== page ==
Palm Beach, Aruba
Families flock to Palm Beach's sugar-white beaches in droves; Aruba's kid-friendly atmosphere prevails at Palm Beach's resorts and restaurants, and a number of programs sponsored by the island's tourist office cater to families with young children, offering discounts and freebies around the island.
With miles of clean shores, tranquil waters and picture-perfect weather year-round, Aruba sees its fair share of tourism. The island offers accommodations in a variety of price ranges and enough activities on land and sea to satisfy everyone's wishes.
Unlike some Caribbean islands, which seem geared toward couples, Aruba welcomes kids with open arms. The island features plenty of fun, child-friendly stuff, such as Kibaima Miniature Village and Park (297-586-0536), where little ones can explore miniature Aruban-style houses and buildings, and observe live animals and plants. Playgrounds like Tira Koochi Park and Neptalle Henriquez Playground provide hours of entertainment, and Aruba is even home to Adventure Golf (L.G. Smith Blvd., across from La Cabana Resort), billed as the world's largest mini-golf course.
But parents hoping to escape for a romantic dinner date or excursion need not despair. Many of Palm Beach's hotels and resorts offer kids' programs and baby-sitting services.
Reina Beatrix International Airport (297-582-4800) is serviced by American Airlines, Continental, Delta, United Airlines and US Airways. The flight is only 2 �� hours from Miami and 4 1/2 hours from New York.
Hotels do not provide shuttle services, but taxis are readily available at the airport. Additionally, a range of car rental agencies have offices at the airport.
Fortunately Aruba lies outside the hurricane belt, making it a popular year-round destination. The average temperature is 82 degrees, and there is no rainy season, though it does rain occasionally. High season is from mid-December to mid-April, and while prices generally increase at hotels, entertainment options across the island increase as well. If crowds aren't a deterrent, head to the island for a festive spring break during Carnival in February or March, when parades and parties fill the streets.
Family-friendly lodging options abound in Aruba; the island's many large resorts participate in a program called "One Cool Family Vacation," in which participating resorts offer kids 12 and under free bonuses such as tours, snorkeling, cruises and other activities. These resorts also offer family discounts on things like car rentals, horseback rides and submarine tours. Thirteen hotels, including the Aruba Marriott Resort, Renaissance Aruba Beach Resort, and Wyndham Aruba Beach Resort and Casino, participate in the program. For a complete listing and contact information, visit: www.aruba.com.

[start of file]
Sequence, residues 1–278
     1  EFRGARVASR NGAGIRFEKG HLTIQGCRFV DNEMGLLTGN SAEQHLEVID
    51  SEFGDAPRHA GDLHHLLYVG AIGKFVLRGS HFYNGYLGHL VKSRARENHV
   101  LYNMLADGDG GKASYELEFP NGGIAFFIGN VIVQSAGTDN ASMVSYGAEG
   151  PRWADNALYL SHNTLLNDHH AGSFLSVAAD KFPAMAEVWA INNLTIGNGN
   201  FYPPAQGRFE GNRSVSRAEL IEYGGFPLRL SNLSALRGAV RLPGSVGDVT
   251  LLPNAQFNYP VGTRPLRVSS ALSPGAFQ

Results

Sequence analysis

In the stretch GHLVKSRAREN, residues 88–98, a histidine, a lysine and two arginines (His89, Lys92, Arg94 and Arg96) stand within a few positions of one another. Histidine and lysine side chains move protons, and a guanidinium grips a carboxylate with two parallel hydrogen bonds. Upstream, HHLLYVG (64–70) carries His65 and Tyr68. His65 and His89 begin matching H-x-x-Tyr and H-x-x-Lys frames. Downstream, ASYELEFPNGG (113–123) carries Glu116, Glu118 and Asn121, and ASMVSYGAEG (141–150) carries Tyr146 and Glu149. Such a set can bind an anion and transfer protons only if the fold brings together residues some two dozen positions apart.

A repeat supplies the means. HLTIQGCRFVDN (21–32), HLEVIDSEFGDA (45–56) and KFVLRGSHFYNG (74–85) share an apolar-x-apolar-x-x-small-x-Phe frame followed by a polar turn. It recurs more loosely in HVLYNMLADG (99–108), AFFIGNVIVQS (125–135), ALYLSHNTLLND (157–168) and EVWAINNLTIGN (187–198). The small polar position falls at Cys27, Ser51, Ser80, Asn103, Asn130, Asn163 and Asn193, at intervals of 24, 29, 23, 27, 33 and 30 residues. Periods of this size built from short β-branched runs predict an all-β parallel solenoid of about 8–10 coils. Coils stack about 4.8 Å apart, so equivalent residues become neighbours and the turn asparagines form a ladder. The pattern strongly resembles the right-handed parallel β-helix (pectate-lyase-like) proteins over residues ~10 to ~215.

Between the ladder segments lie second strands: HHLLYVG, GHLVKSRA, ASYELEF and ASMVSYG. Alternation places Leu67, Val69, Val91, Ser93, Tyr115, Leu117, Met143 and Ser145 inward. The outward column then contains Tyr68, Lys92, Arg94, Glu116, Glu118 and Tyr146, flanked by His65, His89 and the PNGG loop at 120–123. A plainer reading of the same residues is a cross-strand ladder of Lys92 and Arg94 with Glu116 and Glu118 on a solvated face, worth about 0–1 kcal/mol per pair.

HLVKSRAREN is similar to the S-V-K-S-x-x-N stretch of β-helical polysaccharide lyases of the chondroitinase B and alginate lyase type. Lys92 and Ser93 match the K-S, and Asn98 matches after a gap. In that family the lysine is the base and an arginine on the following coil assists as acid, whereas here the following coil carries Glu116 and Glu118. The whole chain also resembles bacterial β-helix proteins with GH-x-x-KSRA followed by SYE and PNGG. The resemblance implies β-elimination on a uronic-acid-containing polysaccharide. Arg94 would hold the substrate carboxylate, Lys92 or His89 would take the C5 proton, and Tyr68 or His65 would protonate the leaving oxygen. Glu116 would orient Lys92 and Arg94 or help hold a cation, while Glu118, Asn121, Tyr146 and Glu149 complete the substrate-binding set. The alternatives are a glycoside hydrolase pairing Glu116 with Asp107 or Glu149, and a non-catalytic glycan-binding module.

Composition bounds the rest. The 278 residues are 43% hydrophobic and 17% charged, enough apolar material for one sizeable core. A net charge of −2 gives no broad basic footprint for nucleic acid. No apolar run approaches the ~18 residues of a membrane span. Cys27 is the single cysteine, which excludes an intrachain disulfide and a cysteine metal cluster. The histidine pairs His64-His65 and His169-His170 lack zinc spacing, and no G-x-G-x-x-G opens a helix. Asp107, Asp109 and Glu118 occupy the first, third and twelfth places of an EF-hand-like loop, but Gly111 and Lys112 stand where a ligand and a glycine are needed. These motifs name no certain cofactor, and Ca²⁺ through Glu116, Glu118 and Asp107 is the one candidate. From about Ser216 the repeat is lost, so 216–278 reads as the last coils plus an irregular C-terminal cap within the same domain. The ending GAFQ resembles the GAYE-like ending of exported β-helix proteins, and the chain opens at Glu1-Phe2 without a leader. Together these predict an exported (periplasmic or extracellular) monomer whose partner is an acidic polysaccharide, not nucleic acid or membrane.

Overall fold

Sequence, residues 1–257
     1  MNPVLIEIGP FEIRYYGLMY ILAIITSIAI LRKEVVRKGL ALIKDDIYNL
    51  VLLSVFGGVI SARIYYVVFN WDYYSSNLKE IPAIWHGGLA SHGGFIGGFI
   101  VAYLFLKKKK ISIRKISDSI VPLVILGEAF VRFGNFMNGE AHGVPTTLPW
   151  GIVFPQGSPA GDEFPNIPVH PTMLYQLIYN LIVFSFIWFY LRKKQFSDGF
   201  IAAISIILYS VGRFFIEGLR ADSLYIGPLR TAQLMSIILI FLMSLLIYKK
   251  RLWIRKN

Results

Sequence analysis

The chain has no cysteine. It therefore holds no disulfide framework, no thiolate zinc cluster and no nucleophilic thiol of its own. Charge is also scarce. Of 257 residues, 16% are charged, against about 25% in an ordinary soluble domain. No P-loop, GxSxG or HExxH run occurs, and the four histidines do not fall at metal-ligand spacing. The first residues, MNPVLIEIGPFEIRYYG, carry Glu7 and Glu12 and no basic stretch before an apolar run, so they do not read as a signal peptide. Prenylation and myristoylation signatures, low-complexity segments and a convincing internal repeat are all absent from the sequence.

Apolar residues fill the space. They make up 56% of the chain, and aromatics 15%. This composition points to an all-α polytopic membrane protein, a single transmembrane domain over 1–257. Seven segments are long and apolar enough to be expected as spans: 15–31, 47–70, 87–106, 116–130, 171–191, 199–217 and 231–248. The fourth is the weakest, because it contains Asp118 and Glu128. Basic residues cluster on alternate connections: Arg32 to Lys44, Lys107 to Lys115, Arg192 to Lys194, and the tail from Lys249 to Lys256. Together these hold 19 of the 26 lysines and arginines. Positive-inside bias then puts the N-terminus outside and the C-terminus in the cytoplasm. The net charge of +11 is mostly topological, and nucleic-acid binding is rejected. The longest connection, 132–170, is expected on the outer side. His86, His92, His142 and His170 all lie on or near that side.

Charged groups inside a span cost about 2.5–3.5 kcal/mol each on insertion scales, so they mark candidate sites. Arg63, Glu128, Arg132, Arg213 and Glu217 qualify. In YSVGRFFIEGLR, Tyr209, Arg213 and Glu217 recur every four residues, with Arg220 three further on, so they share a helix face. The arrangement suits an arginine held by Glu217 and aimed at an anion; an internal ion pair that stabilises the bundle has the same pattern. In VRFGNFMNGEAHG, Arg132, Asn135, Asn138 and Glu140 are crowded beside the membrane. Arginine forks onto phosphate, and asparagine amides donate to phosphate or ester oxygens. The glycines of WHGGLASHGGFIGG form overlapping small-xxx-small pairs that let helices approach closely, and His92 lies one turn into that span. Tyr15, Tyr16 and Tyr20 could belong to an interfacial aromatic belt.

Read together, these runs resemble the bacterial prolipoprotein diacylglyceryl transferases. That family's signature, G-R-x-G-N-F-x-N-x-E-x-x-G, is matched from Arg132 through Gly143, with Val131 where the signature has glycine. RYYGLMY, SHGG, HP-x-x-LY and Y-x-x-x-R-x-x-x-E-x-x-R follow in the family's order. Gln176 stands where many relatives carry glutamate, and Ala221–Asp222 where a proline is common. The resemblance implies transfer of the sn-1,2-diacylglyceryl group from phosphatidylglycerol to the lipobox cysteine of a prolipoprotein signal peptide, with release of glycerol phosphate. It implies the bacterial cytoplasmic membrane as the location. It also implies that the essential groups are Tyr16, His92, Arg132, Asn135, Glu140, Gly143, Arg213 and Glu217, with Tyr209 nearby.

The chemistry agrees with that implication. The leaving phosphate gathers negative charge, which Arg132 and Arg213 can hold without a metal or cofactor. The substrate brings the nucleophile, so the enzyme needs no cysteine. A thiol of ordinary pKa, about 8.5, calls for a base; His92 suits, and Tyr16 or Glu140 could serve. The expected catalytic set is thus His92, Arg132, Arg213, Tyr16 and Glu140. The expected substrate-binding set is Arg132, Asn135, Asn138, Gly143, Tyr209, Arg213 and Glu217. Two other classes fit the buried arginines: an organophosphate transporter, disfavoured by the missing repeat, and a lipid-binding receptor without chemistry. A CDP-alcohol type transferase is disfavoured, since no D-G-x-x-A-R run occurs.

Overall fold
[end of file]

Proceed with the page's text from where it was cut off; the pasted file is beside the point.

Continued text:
Aruba cooks up an interesting array of local cuisines. Some must-haves include giambo, a fish gumbo made with fish fillets, shrimp, okra and basil; deep-fried turnovers called pastechi, which are filled with cheese, shrimp or spicy meat; and, pudin di coco, a coconut pudding infused with rum and served with lime sauce.
For folks craving continental cuisine, many resort restaurants cater to European-style menus. Foodies will appreciate the Aruba Gastronomic Association's " Dine Around" program, which for a set price offers meal coupons to popular restaurants and allows children under 13 to eat at half price.
Once on the island, visitors can find information at the Aruba Tourism Authority (L.G. Smith Blvd. 172, Eagle, Aruba; (297) 582-3777).
U.S. citizens do not need passports to visit Aruba (though they are accepted). Only an original and official state-issued birth certificate with a raised seal AND a government-issued (state or federal) photo I.D. (i.e., a driver's license) are required. Children under age 18 traveling with both parents must have an original or certified copy of a birth certificate and the same last name as the parents. A photo ID is not required.
The Aruban florin is the local currency, but US dollars are often accepted in stores. ATM machines are easy to find on the island, and some even dispense dollars. Credit cards are accepted at nearly all hotels, restaurants and businesses.
While You're There
Lying beached under the sun on Aruba's pristine sands might seem like the perfect way to spend a vacation, but visitors will miss out on the island's natural wonders if they bypass exploring its wild outback. At only 21 miles long, Aruba can be easily explored via a guided four-wheel-drive tour through the desert hills, dirt roads and rocky coastline. Most excursions also include swimming and snorkeling (check out the most popular, De Palm Tours, 297-582-4400; www.depalm.com).
Water lovers will find no shortage of activities at the beach and in the water. Sunset cruises, windsurfing, water safaris, jet skiing and fishing are among the off-shore activities visitors love diving into.
To Fake That You've Been There
Flex your muscles and claim to feel like a million bucks after hitting Conchi, a natural pool in the island's countryside said to have restorative powers.
Linking for a Better Vacation
For more information and bonuses like restaurant reviews and online reservations, visit www.aruba.com.